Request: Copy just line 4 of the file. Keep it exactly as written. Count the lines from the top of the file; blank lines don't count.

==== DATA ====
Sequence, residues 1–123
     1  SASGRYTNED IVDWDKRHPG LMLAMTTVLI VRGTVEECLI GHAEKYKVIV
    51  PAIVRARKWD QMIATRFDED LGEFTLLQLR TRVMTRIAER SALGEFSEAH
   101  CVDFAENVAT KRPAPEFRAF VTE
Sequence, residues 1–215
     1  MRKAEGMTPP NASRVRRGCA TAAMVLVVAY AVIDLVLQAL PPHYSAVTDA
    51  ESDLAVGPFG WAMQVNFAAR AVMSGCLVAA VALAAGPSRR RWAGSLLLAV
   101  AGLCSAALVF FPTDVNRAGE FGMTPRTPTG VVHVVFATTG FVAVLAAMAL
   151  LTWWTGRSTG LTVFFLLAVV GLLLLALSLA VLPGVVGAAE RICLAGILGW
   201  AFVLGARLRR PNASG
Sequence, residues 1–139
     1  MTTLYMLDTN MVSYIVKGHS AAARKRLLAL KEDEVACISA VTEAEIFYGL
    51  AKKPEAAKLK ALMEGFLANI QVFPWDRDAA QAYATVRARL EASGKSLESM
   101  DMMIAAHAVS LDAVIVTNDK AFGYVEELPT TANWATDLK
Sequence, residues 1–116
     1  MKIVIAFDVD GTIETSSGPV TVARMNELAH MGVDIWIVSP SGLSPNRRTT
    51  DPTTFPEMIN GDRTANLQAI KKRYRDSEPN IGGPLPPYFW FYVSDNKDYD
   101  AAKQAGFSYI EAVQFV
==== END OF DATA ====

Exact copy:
   101  CVDFAENVAT KRPAPEFRAF VTE